Manufacturer's Suggested Retail Price (MSRP), also known as "sticker" price, is a recommended selling price that automakers give a new car that is above the invoice price paid by the dealer. It is a price that does not include any options that can be added to a particular car style. When shown as a range, the prices are starting MSRPs, without options, for multiple styles for that model.
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By Jim Mateja
April 9, 1989
The Honda Prelude Si is like a jigsaw puzzle. Just when you think all the pieces have slipped into place, you find a few edges that have to be shaved to smooth the rough spots. Prelude is Honda`s small, but pricey sports model. The
front-wheel-drive subcompact is built on a 101-inch wheelbase and is 175.6 inches long. The hood is long and low with lamps hidden when not in use. Neat and clean, no complaints. Inside, Prelude is quiet and comfortable-providing you don`t fiddle
with the driver`s seat buttons and dials to adjust lumbar and upper side bolster support or seat back memory function. Whatever happened to the good old days when a bucket seat slid forward or backward without a computer chip determining that you need a
lump in your back, a corset around your waist or a 180-degree tilt to the upper torso? Honda didn`t have to get cute with the seat controls, considering the attention to ride and handling. The four-wheel double wishbone suspension with front and
rear stabilizer bars and the most responsive power-assisted rack- and-pinion steering in the industry mean the engineers didn`t have to play chiropractor. Smooth ride. You see the tar marks, but certainly don`t feel them. The 14-inch Michelin
radial tires and gas pressurized shock absorbers front and rear help. Handling is above average from the superb power steering and the fact that Prelude has a wide, road-hugging stance. Only front seat occupants will appreciate ride and handling.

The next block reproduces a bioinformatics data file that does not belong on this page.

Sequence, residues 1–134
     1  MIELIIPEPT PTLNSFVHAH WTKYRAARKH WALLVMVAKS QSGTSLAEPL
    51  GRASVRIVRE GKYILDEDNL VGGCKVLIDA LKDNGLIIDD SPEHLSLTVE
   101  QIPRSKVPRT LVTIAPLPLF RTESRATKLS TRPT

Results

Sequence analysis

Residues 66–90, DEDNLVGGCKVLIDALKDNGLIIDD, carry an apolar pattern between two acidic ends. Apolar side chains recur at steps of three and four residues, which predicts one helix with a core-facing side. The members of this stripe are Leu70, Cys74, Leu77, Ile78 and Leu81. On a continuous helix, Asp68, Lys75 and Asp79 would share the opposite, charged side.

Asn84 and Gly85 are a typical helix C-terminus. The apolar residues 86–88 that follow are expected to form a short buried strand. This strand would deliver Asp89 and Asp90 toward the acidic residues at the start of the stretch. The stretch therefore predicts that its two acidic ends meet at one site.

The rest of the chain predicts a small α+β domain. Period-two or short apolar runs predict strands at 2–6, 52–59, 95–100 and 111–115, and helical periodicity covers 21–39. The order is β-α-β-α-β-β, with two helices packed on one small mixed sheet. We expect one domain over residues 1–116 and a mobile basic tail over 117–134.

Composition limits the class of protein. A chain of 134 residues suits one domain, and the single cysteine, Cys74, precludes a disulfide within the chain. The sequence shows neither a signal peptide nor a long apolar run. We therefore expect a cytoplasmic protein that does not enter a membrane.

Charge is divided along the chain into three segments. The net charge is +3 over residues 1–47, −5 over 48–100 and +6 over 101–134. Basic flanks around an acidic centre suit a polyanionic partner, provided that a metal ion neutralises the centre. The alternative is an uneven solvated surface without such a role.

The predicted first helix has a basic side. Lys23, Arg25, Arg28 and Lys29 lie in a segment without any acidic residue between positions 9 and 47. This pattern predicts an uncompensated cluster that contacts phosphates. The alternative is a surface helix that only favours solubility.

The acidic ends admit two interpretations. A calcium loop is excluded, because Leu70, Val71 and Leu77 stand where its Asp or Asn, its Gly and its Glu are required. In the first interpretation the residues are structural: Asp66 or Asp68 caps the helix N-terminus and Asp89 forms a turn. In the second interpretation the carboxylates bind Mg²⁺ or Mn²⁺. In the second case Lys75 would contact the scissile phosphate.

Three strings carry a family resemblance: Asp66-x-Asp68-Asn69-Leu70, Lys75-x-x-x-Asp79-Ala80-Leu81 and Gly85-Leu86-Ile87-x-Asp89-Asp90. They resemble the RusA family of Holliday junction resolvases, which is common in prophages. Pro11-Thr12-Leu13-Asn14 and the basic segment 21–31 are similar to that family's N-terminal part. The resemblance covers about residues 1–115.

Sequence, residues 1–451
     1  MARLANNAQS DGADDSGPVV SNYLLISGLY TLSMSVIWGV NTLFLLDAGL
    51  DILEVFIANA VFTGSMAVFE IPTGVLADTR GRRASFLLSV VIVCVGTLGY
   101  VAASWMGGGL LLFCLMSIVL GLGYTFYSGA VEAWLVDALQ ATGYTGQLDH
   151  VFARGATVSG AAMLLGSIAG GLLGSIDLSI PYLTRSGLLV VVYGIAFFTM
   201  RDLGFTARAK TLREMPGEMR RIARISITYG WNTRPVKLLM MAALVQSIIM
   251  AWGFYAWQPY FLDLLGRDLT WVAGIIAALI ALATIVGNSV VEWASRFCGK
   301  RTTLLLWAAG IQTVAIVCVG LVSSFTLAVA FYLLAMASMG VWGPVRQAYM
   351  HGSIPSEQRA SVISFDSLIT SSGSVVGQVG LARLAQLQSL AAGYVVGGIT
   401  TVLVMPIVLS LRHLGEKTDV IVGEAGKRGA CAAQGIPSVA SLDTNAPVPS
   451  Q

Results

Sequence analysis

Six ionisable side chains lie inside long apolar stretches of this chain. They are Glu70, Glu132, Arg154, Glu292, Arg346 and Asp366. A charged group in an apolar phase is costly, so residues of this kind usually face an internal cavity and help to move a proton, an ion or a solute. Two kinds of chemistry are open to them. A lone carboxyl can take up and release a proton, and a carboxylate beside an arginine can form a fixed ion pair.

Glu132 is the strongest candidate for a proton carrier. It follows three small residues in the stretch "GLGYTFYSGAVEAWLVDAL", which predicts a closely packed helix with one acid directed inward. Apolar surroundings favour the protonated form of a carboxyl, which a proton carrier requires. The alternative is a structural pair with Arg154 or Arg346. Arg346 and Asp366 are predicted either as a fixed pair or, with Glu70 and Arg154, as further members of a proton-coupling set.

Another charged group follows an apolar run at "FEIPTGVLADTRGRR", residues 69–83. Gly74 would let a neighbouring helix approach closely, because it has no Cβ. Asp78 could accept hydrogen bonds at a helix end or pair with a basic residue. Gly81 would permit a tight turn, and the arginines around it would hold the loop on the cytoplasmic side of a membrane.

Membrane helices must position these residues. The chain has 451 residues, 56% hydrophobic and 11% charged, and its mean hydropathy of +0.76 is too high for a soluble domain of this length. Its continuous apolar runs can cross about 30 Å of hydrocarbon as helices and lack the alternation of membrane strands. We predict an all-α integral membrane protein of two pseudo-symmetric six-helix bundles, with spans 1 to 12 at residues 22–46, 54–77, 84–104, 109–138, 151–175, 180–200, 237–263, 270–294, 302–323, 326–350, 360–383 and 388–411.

The rear seat is no more than a decoration. Little tykes will fit, but any adult who isn`t into whips and chains wouldn`t want to venture back there. The Prelude is offered in S and Si versions. The S is powered by a 2- liter, single overhead cam
4-cylinder engine that develops 104horsepower. The Si is powered by a twin cam version of that engine that develops 135 h.p. Both are teamed with 5-speed manual transmission as standard, 4-speed automatic as an option. We drove the Si with
5-speed. Good power for a 2,700-pound car, but we would have enjoyed it even more if Honda squeezed about 15 more h.p. out of the engine or lightened the car by about 200 pounds. And it would help if the 5-speed had the light touch, fingertip action
that`s a Honda trademark. This one violated the trademark. Slightly testy. The Si speedometer reads 140 miles an hour. That makes for good reading, if you`re into fiction. Like the driver`s seat, the 140 m.p.h. speedometer was out of character
with the Prelude. We`ve always found the beauty of Prelude to be the ability to cruise for short or long distances in comfort and style without being pressured to redline the tachometer at every light. The enjoyment with Prelude has been to get
from the light quickly, then sit back, relax and cruise. Standard features include a power-operated tinted glass moonroof, quartz digital clock, dual power mirrors, AM-FM stereo casset
te, power antenna, fold- down rear seat backs, remote trunk and fuel filler door release, fog lights, air conditioning and power windows. The Si with manual starts at $16,965, with automatic it`s $17,690. The base S with the lower horsepower
engine and fewer frills starts at $13,945, with automatic, $14,670. The Si also offers optional four-wheel steering with a base price of $18,450 with manual, $19,175 with automatic. For a car that starts at $16,965, you`d expect a spring held
hood, not a prop job. >> 1989 Honda Prelude Wheelbase: 101.1 inches Length: 175.6 inches Engine: 2 liter, 135 h.p. four- cylinder Transmission: 5-speed manual; 4-speed automatic Base price: $16,965 manual; $17,690 automatic Strong point: Ride,
handling Weak point: Price, tiny rear seat >>